Welcome back, my readers! Last week, I gave a card-by-card analysis of my new favorite deck. It’s a G/W deck that took me to a second place finish in a big tournament. If the Ferrett could provide a handy link here, then we can move right along to my second analysis of the deck: Overall play.
For those of you who need a refresher (and who don’t want to follow the link back to the previous article), here’s the decklist one more time:
4x Parallax Wave
4x River Boa
2x Nightwind Glider
2x Thermal Glider
4x Noble Panther
4x Charging Troll
4x Llanowar Elves
4x Birds of Paradise
4x Elfhame Palace
4x Aura Mutation
3x Last Breath
2x Light of Day
2x Circle of Protection: Red
1x Thermal Glider
1x Nightwind Glider
2x Kavu Chameleon
Now that that’s over and done with, let’s move along. I’m going to divide this article into all the major reasons that this deck is amazing. I’ll start with the most important, and go down the scale from there. Ready? Let’s begin.
Reason for Greatness* #1: Consistency
Each time I play this deck, things are almost always the same. Here’s a very common early game:
Turn 1: Forest, Bird/Elf.
Turn 2: Adarkar Wastes, Noble Panther
Turn 3: Plains, Charging Troll/Blastoderm
Turn 4: Armageddon, Elfhame Palace.
Turns 5 – Endgame: Bring it, opponent.
Occasionally, I’ll get a slower start with an Elfhame Palace, followed by an Elf, but in that third turn, I always have at LEAST two threats to choose from. I mean, look at my decklist: I have twenty threatening creatures, four in the two-casting-cost range, eight in the three-casting-cost range, and eight in the four-casting-cost range. If I don’t draw Blastoderm, I draw Charging Troll. If I don’t draw Noble Panther, I draw a Glider. And I always, ALWAYS draw a Bird or an Elf in my opening hand.** Ever since I picked this version of the deck up for the first time, it’s been consistent. And it doesn’t even need appropriation (see "Conglomerate Mess"; look under Topic #2.). Throughout the whole tournament, I was a good Magic player, and I only shuffled. I didn’t have to manufacture consistency; this deck makes it itself!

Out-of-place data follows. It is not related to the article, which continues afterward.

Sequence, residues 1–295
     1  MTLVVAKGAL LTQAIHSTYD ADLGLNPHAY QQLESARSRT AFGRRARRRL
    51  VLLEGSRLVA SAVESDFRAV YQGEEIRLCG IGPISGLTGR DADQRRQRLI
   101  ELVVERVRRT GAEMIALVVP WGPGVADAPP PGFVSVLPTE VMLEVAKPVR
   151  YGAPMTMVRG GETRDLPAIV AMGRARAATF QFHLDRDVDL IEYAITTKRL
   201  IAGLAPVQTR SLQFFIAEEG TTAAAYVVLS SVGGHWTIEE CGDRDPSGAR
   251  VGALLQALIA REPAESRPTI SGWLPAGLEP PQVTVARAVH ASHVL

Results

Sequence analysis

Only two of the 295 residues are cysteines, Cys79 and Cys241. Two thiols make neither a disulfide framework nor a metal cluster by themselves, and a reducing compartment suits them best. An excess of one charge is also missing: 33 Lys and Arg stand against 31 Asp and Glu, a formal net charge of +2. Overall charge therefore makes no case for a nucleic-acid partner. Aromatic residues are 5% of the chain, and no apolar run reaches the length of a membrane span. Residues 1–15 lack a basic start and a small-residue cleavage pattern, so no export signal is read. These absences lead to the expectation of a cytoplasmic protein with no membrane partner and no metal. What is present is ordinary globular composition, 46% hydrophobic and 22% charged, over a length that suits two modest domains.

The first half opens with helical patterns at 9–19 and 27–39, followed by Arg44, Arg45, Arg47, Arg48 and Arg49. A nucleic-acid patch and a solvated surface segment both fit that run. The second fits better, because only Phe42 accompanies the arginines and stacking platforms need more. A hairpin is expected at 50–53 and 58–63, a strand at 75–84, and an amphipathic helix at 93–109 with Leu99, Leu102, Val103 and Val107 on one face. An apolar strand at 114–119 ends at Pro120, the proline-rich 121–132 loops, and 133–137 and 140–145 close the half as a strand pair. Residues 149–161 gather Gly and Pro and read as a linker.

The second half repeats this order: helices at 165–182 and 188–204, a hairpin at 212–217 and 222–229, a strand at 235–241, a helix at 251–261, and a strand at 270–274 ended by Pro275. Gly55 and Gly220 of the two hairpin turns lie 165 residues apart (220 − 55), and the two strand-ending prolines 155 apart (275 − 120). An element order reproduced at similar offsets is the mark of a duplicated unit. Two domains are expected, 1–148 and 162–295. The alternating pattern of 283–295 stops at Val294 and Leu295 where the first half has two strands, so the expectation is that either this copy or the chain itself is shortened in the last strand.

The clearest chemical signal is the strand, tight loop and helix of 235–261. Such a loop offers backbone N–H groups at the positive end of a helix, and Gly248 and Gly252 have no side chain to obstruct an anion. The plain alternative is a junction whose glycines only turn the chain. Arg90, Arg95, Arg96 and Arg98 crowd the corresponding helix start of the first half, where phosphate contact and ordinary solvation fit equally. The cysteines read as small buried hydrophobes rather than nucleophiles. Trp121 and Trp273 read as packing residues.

Reason for Greatness #2: Topdecking Capability
This deck topdecks like a tool of the gods, with its player being a topdecking god. In my semi-finalist match, I had out only a Kavu Chameleon that survived a Perish. He had out THREE Chilling Apparitions. For those of you who didn’t immediately realize the predicament, it was as so: Each turn, he could attack with two Apparitions. I’d block one, and he’d regenerate; I’d take one and lose a card. He’d then have one back to block my Kavu, making the game hopeless. He was at six life, and I had Wax/Wane in my hand. If only I could get through his blockers, I could win. What do I topdeck? Parallax Wave! Game, set, match.
In one game, my opponent caught me off guard with a Wrath when I had no threats in hand. I topdeck… Blastoderm! In another game, the second one against a black/red deck, I draw a Thermal Glider and play it on Turn Three. Guess who was on a ten turn clock from then on?
This deck’s topdecking is amazing. You can always be sure that what you need is a card away. And, if it’s not, then the next best thing is. And, with all the mana in it, you can ‘Geddon with no lands in hand and still recover easily.
Reason for Greatness#3: Tight Co-operation